PowerPoint Clip Art is Dead. Now What?

In December 2014, Microsoft retired its clip art gallery. Now when you insert clip art in PowerPoint, the program searches Bing Images and delivers pictures that have been tagged with a creative commons license.

There is some upside. Bing Images can find hundreds of thousands of pictures for any search term, dwarfing the size of the clip art gallery. And the internet adds a bazillion new pictures every day while the clip art gallery grows stale. So the thinking was good.

But there’s several problems, which will change how we insert clip art forever

  1. You mostly get photographs, even if you try to filer on just “Illustrations”. Try it. Search “handshake” and limit to Illustrations only. You’ll primarily get photographs.
  2. There are no vector images in Bing Image search. Vector images are made up of many shapes (lines, squares, circles) that are grouped together. If you want to edit an image, you can’t do it with the Bing Image results.
  3. It’s a lot more work to verify the license for each picture. Now when you insert an image, you need to go back to the source website to verify the license. Do you need to add attribution? Who gets the attribution? Can you use it commercially? Every image becomes a fact-checker’s nightmare.

So this means we need to have some new habits when we insert images in PowerPoint.

1. Add “clip art” to your search term. If you search “shaking hands” you’ll get mostly photographs, even if you filter on Illustrations. That’s because Bing Images doesn’t know how to recognize PowerPoint’s filters yet. So if you want to limit to just Illustrations, search “shaking hands clip art” and Bing will look for images tagged as clip art.


2. Find other sources for clip art. There are lots of sites that give free clip art. Just search “free clip art” and you’ll find sites like ClipArts 101 and Clipart.co, which might be free but don’t have the highest quality images to choose from. Noun Project is a favorite of many designers for its extensive set of high quality and free icons.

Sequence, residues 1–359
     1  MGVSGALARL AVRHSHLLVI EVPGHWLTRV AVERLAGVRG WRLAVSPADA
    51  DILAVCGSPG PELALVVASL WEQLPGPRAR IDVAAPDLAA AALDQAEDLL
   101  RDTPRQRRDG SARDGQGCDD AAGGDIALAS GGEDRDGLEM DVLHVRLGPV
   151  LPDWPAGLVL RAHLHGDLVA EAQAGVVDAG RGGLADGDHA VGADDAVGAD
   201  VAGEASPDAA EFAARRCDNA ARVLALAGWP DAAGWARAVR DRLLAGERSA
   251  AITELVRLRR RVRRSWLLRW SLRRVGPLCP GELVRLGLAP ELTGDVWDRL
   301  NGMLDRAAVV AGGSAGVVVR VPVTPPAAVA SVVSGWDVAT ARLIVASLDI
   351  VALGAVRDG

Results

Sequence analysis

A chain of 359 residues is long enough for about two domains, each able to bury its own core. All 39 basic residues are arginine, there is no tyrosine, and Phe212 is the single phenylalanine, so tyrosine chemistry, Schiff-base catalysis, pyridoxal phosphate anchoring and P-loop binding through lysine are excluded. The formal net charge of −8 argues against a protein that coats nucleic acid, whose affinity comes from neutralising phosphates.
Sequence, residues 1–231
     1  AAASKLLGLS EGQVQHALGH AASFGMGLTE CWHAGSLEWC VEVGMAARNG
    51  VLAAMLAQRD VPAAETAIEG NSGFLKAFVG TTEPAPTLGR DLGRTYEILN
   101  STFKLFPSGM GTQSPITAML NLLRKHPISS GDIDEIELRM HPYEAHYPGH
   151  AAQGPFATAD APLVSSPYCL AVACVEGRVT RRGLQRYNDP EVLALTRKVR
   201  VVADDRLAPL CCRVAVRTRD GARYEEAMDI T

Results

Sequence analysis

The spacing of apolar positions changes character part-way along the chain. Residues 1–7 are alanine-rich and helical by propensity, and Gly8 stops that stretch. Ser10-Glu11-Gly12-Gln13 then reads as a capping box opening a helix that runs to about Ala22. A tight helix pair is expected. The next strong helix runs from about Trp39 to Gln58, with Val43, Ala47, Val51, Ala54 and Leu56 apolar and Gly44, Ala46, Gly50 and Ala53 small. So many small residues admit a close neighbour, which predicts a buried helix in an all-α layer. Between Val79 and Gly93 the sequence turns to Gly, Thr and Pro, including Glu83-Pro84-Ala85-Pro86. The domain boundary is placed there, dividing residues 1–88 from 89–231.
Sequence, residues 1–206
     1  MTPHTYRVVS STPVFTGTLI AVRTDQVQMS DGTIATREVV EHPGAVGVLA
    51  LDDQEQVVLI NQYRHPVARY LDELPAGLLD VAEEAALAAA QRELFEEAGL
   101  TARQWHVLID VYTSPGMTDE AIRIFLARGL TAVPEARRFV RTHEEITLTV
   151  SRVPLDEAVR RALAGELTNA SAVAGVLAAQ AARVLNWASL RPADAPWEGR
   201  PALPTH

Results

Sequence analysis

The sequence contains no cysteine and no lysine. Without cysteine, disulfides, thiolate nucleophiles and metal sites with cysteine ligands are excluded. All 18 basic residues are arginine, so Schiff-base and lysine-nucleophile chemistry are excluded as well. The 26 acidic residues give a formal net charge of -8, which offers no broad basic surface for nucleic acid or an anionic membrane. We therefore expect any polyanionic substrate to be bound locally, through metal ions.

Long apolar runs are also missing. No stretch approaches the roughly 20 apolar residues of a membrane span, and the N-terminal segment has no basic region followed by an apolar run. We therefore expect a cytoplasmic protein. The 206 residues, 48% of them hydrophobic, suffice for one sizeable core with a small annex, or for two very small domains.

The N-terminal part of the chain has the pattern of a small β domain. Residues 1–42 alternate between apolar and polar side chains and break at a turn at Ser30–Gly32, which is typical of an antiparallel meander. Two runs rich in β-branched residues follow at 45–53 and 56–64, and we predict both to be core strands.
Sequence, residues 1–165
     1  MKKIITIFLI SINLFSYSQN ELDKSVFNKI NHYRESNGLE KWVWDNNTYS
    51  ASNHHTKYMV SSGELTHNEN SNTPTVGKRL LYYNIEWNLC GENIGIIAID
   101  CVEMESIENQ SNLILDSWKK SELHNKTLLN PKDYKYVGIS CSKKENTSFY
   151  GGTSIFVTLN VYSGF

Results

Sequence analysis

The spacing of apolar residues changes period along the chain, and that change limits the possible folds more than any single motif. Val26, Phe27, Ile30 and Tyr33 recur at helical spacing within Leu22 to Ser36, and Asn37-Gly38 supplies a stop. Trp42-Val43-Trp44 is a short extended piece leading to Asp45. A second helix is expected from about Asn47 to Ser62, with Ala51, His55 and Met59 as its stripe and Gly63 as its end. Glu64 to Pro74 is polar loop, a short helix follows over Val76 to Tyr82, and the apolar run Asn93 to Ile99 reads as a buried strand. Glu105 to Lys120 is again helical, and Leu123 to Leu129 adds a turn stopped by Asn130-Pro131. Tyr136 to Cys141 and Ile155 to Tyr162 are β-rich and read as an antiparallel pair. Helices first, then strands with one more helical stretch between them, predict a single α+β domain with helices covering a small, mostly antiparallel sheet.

3. Use installed fonts instead of pictures. There are lots of fonts built into PowerPoint that will give you small images. Check out this blog post on how to use the Wingdings and Webdings fonts to make small icons.


4. Install free symbol fonts. Search any font website for free symbol fonts and install them on your computer. Some of my favorite sites for free fonts are DaFont, Font Squirrel and Font Space.


5. Unclick “Include Office.com Content”. In my version of PowerPoint 2010, I can still access a small portion of the clip art gallery. But I need to unclick “Include Office.com Content” or else it will search Bing Images. If I unclick it, Bing Images doesn’t get searched and I can scrape around in what remains of the clip art gallery.


6. Quick – hoard all your vectors! Scrounge around in the remaining clip art gallery and save those vectors. They may be gone soon. In addition, go through all your existing PowerPoint decks and save all your vectors into a central place. Pillage any deck you receive and loot all the vectors. You may need them some day!


7. Download this set of vectors. I did steps #5 and #6 and saved 150 pieces of vector clip art. Enjoy!


8. Search for WMF files. WFM (Windows MetaFile) files are one easy-to-use format for vector images. So add “WMF” to your search terms. For instance, “shaking hands WMF” will return tons of editable vector images on Google Images. You’ll have to download the images to your desktop and then insert them as pictures (not clip art) so it’s a laborious multi-step process. Add them to your master deck!


Verifying the license is the biggest problem of all. Who wants to snoop around a poorly constructed website looking in vain for clear license rights, and clear attribution instructions. Sheesh!

Perhaps Microsoft can work on fixing these problems to truly make the clip art feature more valuable by connecting it to Bing Images, and not less.

About the author: Bruce Gabrielle is author of Speaking PowerPoint: the New Language of Business, showing a 12-step method for creating clearer and more persuasive PowerPoint slides for boardroom presentations. Subscribe to this blog or join my LinkedIn group to get new posts sent to your inbox.

Worst NFL Call Ever? The Data Says “Not!”

This article has nothing to do with presentations. But if you know me, you’ll know you can count on me for 1) challenging sloppy thinking and 2) being data-based (example >).

With that said, let me state clearly: Seattle made the right call at the end of the Super Bowl.